Putin Ally Pushes War as Way for Russians to Prove They're 'Real Men'

Vitaly Milonov, a Russian politician and member of Russian President Vladimir Putin's political party, touted what he said were the benefits of going to fight in the Ukraine war during a recent appearance on state television.

BBC journalist Francis Scarr provided a translation of Milonov's comments, explaining that the State Duma member said that joining the conflict would allow potential soldiers to show that they're "real Russian men."

"Regarding men with multiple children, I think it's a chance for men to prove that they're men, not only because they're able to make use of their primary sexual characteristics but are also men on a fundamental level," Milonov said, according to Scarr's translation. "And at the present time, every man is getting–I'm speaking about my personal feelings–the opportunity to prove that you're a man. That you're a Russian bloke. Because if you're a man, if you want to aspire to the role of a real Russian, the president has given you this chance."

Milonov's encouragement for more Russians to enter the war in Ukraine comes after Putin announced a partial mobilization on Wednesday that will call up to 300,000 soldiers to fight for Russia in Ukraine. While the Russian president said that the draft was needed in order to protect his country's "sovereignty, security and territorial integrity," many Russians have strongly opposed the order.

A petition on Change.org titled "No to mobilization" had received more than 327,000 signatures as of Thursday morning, while protests against the draft have broken out across Russia.

Milonov Touts Benefits of Joining War
Russian lawmaker Vitaly Milonov is seen speaking during an interview with the AFP in St. Petersburg, Russia, on August 26, 2013. Milonov touted what he believes are the benefits of going to fight in the Ukraine war during a recent appearance on Russian state television. Olga Maltseva/AFP via Getty Images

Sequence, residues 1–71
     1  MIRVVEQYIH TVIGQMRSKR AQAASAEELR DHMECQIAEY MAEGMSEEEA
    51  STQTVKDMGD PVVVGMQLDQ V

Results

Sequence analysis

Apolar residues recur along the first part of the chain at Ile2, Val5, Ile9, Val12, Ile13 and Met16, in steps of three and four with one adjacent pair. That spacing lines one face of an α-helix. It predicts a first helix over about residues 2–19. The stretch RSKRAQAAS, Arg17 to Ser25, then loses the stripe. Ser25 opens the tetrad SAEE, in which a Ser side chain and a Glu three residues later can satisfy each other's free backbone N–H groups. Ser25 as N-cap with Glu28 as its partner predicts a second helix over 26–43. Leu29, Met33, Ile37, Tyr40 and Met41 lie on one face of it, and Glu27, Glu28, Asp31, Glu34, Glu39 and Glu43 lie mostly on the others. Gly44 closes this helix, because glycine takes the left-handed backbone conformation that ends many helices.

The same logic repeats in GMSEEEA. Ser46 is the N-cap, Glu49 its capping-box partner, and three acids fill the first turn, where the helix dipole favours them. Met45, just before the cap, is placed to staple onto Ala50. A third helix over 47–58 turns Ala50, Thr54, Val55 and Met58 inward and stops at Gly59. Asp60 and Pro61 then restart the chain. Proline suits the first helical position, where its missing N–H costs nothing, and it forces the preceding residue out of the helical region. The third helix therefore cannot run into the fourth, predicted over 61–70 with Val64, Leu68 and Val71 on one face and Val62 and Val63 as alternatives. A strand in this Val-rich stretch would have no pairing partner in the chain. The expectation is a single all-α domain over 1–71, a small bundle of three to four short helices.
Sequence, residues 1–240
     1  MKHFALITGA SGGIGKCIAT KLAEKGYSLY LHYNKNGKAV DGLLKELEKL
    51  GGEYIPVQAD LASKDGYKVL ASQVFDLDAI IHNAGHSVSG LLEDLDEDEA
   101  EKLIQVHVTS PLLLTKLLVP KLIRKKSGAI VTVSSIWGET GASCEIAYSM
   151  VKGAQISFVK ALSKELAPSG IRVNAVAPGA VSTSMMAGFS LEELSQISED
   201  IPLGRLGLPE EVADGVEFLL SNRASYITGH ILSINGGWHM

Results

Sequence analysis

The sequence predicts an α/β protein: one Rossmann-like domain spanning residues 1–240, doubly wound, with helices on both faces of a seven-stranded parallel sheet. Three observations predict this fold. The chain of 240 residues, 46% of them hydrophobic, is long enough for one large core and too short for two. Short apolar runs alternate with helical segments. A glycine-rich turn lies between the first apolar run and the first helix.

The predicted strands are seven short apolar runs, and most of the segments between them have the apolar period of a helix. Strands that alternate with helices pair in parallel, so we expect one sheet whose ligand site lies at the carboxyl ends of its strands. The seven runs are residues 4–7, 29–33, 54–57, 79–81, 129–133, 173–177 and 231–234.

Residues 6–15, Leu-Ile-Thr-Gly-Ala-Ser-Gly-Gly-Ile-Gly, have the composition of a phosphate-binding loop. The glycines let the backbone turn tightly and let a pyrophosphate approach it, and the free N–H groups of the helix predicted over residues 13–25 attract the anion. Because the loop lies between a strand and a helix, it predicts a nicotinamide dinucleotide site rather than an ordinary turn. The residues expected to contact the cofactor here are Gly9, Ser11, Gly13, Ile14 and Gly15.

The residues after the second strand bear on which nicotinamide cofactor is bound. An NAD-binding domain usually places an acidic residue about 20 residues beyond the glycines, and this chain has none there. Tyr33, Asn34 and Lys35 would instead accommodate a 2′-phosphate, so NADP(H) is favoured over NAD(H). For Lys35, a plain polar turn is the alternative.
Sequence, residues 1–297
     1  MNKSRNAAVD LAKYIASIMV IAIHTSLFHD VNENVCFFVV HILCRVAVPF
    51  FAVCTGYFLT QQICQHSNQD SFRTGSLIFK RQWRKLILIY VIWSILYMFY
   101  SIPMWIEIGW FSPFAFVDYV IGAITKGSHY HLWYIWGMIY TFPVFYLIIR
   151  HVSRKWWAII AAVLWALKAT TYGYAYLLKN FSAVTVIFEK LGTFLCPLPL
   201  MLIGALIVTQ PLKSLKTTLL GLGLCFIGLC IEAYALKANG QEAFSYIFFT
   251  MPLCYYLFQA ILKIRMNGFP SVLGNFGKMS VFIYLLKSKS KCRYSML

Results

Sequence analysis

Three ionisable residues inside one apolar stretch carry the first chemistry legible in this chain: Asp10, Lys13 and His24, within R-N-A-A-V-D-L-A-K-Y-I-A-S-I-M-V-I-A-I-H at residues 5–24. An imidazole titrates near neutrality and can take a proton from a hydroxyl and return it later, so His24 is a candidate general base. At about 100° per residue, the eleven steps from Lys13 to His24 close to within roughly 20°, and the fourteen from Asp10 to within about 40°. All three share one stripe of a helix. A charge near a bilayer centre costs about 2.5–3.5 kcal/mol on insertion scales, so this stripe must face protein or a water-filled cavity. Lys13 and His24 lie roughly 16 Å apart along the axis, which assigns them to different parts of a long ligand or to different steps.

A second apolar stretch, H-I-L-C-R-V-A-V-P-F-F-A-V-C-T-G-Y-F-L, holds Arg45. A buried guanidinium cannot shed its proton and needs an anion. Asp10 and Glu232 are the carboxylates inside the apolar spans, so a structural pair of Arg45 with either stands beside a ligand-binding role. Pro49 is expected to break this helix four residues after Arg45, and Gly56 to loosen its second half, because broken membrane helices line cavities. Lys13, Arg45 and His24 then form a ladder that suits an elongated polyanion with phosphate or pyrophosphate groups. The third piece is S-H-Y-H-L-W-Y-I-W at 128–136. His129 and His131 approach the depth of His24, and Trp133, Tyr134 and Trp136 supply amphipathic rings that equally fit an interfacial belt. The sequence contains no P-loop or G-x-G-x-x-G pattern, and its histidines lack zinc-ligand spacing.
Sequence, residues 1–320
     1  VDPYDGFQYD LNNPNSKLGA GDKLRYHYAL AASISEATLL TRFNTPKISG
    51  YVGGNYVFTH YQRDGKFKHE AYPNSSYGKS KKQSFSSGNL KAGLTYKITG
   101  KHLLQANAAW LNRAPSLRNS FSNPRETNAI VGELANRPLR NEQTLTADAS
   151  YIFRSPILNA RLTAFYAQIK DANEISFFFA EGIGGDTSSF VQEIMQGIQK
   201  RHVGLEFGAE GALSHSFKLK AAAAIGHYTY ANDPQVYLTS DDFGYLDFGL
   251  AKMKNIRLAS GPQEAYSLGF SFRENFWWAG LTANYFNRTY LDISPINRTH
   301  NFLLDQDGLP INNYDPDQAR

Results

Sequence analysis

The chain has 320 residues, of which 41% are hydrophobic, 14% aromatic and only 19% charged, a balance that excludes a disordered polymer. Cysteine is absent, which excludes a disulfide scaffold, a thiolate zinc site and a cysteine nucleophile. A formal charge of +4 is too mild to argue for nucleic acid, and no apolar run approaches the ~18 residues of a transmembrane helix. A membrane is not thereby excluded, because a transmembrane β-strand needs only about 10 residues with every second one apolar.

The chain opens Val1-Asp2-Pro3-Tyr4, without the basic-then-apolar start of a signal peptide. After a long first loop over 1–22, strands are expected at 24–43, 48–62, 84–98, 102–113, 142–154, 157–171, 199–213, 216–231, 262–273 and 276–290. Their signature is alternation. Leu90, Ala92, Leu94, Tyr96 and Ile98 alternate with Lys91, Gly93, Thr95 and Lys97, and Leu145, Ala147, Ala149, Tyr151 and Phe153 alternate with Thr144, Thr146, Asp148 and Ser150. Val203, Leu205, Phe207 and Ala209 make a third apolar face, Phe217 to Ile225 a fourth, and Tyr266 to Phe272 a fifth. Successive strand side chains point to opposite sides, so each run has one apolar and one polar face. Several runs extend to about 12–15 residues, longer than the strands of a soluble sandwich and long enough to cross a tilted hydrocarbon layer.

Milonov is the author of a controversial St. Petersburg law from 2012 that banned LGBTQ "propaganda" among minors, legislation that helped lead to the passing of a similar national law, the BBC reported. During his Russian state television appearance, the lawmaker also said that if Russians joined the fight in Ukraine as contracted soldiers, they'll be able to pay off their mortgages early "because the pay is more than decent."

"Everybody who goes to serve will discover this," he said.

But Russian soldiers who are already in Ukraine may be facing problems with their pay. Earlier this month, the U.K. Defense Ministry said in an intelligence update that Russian troops were suffering from discipline and morale issues amid the Ukraine war, with pay issues likely to be one of the main grievances among soldiers.

"In the Russian military, troops' income consists of a modest core salary, augmented by a complex variety of bonuses and allowances," the update said. "In Ukraine, there has highly likely been significant problems with sizable combat bonuses not being paid."

"The Russian military has consistently failed to provide basic entitlements to troops deployed in Ukraine, including appropriate uniforms, arms and rations, as well as pay," it added. "This has almost certainly contributed to the continued fragile morale of much of the force."

Newsweek reached out to Milonov via Russia's State Duma for further comment.